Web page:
Newfound Comet ATLAS is getting really bright, really fast

Mar 20, 2020
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This article has a very confusing organization, and buries the information that I'd think most folks would probably want to know: When it likely to be most visible?

Pulling info from several different parts deep into the article, it seems that ATLAS' closest approach to the sun will be on May 31. But while its path in March and April is "very favorable for Northern Hemisphere observers," by mid-May "it disappears into the bright evening twilight."

Bummer.

It seems that the bottom line for Northern Hemisphere folks is that "it might become faintly visible to the naked eye under dark sky conditions by mid- or late April."

After the headline, I was expecting something more interesting ... and more clearly presented.

One piece of missing information (I think; if it's there, I missed it/mea culpa) is when will ATLAS be closest to the Earth? My experience with Halley's Comet is that it was much brighter/longer when viewed from my California home in November/December 1985, when it was closest to the Earth, than when I saw it in Australia in April 1986 -- its closest approach to the sun.
 
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Mar 18, 2020
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Don't forget the Holmes comet that was being but didn't have a tail.it was naked eye and looked like a huge globular cluster guessing around 2007 it must have come along.
 
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Reactions: rod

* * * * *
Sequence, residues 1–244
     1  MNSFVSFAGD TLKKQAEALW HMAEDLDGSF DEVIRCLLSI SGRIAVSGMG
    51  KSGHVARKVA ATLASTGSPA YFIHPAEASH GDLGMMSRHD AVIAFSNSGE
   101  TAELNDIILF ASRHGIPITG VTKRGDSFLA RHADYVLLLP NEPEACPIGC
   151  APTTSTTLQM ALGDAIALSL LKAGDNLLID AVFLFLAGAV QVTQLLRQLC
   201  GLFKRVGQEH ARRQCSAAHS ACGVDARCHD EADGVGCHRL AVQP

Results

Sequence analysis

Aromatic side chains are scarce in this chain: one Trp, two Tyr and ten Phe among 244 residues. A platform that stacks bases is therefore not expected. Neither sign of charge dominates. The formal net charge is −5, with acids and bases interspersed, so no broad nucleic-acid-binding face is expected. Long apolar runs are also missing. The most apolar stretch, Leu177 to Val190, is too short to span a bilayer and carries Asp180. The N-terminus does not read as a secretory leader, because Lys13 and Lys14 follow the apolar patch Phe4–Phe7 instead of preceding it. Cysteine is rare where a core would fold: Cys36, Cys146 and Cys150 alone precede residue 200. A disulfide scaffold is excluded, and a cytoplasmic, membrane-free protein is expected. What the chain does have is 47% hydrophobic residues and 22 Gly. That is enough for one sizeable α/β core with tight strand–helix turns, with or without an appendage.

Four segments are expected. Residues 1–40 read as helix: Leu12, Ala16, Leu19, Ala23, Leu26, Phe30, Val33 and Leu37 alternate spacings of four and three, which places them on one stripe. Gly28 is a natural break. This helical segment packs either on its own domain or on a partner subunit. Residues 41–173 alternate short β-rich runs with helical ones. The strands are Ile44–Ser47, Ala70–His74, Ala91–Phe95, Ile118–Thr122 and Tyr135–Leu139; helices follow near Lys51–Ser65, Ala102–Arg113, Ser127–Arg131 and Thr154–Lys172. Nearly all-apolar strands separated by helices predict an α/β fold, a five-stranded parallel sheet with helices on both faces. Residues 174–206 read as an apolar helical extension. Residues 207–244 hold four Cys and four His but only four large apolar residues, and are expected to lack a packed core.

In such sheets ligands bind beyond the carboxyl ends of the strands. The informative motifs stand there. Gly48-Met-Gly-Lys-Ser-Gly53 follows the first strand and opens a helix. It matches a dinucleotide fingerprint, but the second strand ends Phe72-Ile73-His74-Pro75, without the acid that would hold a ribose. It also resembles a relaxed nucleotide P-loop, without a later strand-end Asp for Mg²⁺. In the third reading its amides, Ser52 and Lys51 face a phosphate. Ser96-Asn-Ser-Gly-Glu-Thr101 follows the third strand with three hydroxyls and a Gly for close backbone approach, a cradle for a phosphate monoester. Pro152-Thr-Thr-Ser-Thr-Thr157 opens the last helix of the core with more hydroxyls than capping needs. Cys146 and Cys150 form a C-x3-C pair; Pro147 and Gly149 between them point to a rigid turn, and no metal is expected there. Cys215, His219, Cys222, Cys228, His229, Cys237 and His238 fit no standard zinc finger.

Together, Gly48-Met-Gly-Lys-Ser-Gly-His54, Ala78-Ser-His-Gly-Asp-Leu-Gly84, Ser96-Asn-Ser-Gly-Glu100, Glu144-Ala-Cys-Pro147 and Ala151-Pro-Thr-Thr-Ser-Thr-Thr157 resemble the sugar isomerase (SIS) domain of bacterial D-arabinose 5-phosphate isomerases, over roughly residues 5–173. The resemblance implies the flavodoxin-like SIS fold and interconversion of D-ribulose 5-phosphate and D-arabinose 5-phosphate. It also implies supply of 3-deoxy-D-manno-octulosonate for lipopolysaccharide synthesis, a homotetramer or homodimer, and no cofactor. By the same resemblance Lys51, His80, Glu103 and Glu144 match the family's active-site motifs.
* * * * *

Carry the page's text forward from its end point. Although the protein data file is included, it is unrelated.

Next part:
Mar 20, 2020
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For years, amateur astronomers have been waiting for a bright, naked-eye comet to pass by Earth — and finally, such an object may have arrived.

Newfound Comet ATLAS is getting really bright, really fast : Read more
No, not again!!! I was fooled by "experts" back in 1972 (73?) with the promises of Comet Kahoutek. The biggest light show of the century fizzled out to a smeared speck of a few pixels. I agree with the other comments regarding lack of information. I get it, these wispy visitors from the dark are unpredictable. Their orbits are constantly changing as it approaches our inner system, Wouldn't it be nice once in a while to have someone write responsibly, setting appropriate expectations and not prone to overselling or dramatizing the event. Look! Over there! Is it a bird or a plane....naw just a frozen ball of dirt getting a bit steamed up.
 

rod

Oct 22, 2019
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Don't forget the Holmes comet that was being but didn't have a tail.it was naked eye and looked like a huge globular cluster guessing around 2007 it must have come along.
You are correct about 17P/Holmes. I checked my stargazing log and observed the comet on 25-Dec-2007, it was mv+5.0. " I was able to observe comet 17P/Holmes in Perseus,1 very faint with the naked eye and 10 x 50 binoculars showed a large, faint fuzz ball." My stargazing log shows I viewed a number of times after that. On 03-Jan-2008, "Tonight I observed using the 10 x 50 binoculars and the telescope. I was able to locate and observe comet 17P/Holmes in Perseus as it is approaching Algol. It is about as bright as M31 (mv +3.4) to the naked eye and using the telescope with 40-mm eyepiece for wide field view, the comet was a large fuzzy and easier to see with 10x50 binoculars. 17/P Holmes is a short period comet with about 7 year period. 17/P Holmes brightened from mv+17.0 on 10/24/07 to mv+2.5 and has been slowly fading since as it moves through Perseus."

Comet forecasting can be notoriously difficult too :)
 

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